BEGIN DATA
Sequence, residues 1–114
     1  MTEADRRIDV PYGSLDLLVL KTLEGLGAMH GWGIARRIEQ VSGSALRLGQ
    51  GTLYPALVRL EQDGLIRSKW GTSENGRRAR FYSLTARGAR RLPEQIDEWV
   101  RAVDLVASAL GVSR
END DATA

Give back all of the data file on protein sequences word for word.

Sequence, residues 1–114
     1  MTEADRRIDV PYGSLDLLVL KTLEGLGAMH GWGIARRIEQ VSGSALRLGQ
    51  GTLYPALVRL EQDGLIRSKW GTSENGRRAR FYSLTARGAR RLPEQIDEWV
   101  RAVDLVASAL GVSR